Aston Martin puts the brakes on its new electric supercar until 2026 as bosses ... trends now

Aston Martin puts the brakes on its new electric supercar until 2026 as bosses ... trends now
Aston Martin puts the brakes on its new electric supercar until 2026 as bosses ... trends now

Aston Martin puts the brakes on its new electric supercar until 2026 as bosses ... trends now

Aston Martin won't sell its new electric supercar until 2026  Bosses said customers still want to hear the iconic roar of the engine It's still planning to deliver its first hybrid supercar, the Valhalla, later this year 

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For Aston Martin drivers – and the owners of all sorts of other sports cars too – there’s nothing quite like the feel and sound of an internal combustion engine at full revs.

So perhaps it’s not surprising that the luxury British marque is delaying the launch of its first fully electric car.

Aston Martin had unveiled plans for ‘the world’s most thrilling and highly desirable electric performance cars’ last year. But, while electric vehicles can be just as nippy as their petrol or diesel equivalents, the one thing they really don’t do is roar.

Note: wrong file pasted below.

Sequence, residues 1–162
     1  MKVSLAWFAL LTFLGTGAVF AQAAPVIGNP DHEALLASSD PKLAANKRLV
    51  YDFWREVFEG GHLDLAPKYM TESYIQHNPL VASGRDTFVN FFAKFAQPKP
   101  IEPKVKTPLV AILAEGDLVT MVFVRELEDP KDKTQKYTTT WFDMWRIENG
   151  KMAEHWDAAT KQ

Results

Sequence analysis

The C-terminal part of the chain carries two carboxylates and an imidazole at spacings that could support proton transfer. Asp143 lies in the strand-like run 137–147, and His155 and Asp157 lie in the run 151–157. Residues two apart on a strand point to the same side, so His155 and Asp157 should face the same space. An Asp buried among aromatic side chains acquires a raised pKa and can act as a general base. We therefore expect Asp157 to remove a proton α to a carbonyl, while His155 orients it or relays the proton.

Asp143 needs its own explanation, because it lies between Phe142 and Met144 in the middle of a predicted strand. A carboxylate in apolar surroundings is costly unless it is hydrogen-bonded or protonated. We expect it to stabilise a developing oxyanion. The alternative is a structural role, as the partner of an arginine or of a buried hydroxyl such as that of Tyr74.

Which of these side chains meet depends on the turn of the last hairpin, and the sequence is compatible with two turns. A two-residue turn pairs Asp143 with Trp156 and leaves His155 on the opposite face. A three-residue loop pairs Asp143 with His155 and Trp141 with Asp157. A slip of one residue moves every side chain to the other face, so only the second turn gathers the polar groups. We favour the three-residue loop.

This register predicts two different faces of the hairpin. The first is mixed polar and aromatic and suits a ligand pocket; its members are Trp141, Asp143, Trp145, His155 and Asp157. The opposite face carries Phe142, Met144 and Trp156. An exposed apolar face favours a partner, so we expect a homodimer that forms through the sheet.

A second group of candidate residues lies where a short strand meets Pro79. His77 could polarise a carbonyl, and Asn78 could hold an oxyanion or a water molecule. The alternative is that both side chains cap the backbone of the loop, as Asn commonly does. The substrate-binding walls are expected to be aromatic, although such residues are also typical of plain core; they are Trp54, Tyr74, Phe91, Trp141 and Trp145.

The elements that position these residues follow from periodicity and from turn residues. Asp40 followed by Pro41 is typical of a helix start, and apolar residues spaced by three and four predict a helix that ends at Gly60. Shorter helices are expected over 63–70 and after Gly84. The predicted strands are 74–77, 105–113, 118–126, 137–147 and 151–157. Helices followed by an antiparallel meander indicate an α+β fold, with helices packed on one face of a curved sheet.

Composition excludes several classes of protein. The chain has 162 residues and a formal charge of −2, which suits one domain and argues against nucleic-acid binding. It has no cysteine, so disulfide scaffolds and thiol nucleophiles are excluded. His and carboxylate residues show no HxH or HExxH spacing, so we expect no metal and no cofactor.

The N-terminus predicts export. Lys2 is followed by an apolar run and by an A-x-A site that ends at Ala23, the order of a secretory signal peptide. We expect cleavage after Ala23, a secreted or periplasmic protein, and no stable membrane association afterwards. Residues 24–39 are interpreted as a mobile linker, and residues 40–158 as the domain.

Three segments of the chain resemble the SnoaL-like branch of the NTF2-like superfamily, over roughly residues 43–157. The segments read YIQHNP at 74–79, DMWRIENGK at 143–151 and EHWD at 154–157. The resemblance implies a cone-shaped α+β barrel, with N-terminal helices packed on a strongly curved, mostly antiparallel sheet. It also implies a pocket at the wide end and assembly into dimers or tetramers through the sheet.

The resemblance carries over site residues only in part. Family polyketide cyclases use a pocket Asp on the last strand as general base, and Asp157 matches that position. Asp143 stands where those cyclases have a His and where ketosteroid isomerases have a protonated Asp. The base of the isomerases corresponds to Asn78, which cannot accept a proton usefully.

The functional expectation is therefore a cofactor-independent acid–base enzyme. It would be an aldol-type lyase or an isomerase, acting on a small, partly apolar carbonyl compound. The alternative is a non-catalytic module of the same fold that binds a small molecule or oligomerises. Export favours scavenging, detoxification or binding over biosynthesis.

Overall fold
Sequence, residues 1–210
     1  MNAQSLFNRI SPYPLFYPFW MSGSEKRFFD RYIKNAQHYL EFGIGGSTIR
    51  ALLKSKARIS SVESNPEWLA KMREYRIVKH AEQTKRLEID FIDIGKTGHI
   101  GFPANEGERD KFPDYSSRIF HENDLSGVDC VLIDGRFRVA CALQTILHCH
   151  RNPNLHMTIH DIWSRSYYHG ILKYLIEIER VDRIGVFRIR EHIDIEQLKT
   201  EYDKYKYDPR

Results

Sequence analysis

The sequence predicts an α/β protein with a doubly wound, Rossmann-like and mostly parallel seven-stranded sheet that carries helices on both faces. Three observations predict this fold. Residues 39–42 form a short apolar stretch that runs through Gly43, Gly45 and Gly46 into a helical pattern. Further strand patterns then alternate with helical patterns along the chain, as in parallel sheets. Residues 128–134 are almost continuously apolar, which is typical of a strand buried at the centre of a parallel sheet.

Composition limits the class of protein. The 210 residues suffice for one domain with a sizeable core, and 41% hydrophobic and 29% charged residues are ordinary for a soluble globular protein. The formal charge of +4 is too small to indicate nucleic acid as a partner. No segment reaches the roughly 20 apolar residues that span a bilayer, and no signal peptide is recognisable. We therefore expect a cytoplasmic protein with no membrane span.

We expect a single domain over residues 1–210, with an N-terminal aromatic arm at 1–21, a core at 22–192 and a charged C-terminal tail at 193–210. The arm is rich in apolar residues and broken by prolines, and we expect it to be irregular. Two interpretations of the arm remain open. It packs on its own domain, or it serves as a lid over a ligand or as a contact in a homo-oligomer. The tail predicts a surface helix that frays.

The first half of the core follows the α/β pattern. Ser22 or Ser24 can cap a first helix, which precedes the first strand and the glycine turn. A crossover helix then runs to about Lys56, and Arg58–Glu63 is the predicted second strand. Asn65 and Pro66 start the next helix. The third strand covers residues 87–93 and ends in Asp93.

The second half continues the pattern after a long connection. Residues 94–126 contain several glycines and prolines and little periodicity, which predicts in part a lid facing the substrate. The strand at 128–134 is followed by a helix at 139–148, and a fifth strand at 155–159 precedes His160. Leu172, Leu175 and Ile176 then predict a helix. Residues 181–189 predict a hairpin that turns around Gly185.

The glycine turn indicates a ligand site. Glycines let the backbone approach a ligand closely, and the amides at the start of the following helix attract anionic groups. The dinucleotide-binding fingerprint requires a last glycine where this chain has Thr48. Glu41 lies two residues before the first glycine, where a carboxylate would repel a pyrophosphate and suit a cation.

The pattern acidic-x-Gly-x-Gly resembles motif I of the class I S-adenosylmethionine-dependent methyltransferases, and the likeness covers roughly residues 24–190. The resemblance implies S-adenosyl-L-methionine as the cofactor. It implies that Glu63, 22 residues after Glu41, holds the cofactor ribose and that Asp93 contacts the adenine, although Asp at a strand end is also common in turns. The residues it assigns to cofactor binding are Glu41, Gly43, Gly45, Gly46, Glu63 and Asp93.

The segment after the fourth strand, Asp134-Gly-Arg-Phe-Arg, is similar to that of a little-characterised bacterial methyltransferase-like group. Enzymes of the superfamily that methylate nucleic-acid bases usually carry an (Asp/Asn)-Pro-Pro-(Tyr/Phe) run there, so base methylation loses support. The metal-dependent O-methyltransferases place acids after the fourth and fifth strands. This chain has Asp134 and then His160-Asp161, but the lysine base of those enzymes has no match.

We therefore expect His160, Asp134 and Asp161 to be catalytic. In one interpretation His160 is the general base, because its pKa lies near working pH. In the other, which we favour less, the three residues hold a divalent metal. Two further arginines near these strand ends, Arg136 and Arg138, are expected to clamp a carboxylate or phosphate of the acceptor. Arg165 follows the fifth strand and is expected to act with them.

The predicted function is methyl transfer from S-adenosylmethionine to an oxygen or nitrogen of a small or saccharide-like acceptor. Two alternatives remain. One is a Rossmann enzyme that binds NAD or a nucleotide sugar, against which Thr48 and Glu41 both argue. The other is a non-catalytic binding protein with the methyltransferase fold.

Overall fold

Aston Martin has pushed back the release of the battery-powered vehicle from 2025 to 2026 after admitting it was not quite as desirable as imagined.

Executive chairman Lawrence Stroll said: ‘Demand, certainly at an Aston Martin price point, is not what we thought it was going to be two years ago.’

Aston Martin has pushed back the release of the battery-powered vehicle from 2025 to 2026

Aston Martin has pushed back the release of the battery-powered vehicle from 2025 to 2026

Executive chairman Lawrence Stroll said: ‘Demand, certainly at an Aston Martin price point, is not what we thought it was going to be two years ago’

Executive chairman Lawrence Stroll said: ‘Demand, certainly at an Aston Martin price point, is not what we thought it was going to be two years ago’

He added that there was ‘much more driven demand’ for plug-in hybrids than fully electric vehicles because people ‘want some electrification but still have the sports car smell, feel and noise’

He added that there was ‘much more driven demand’ for plug-in hybrids

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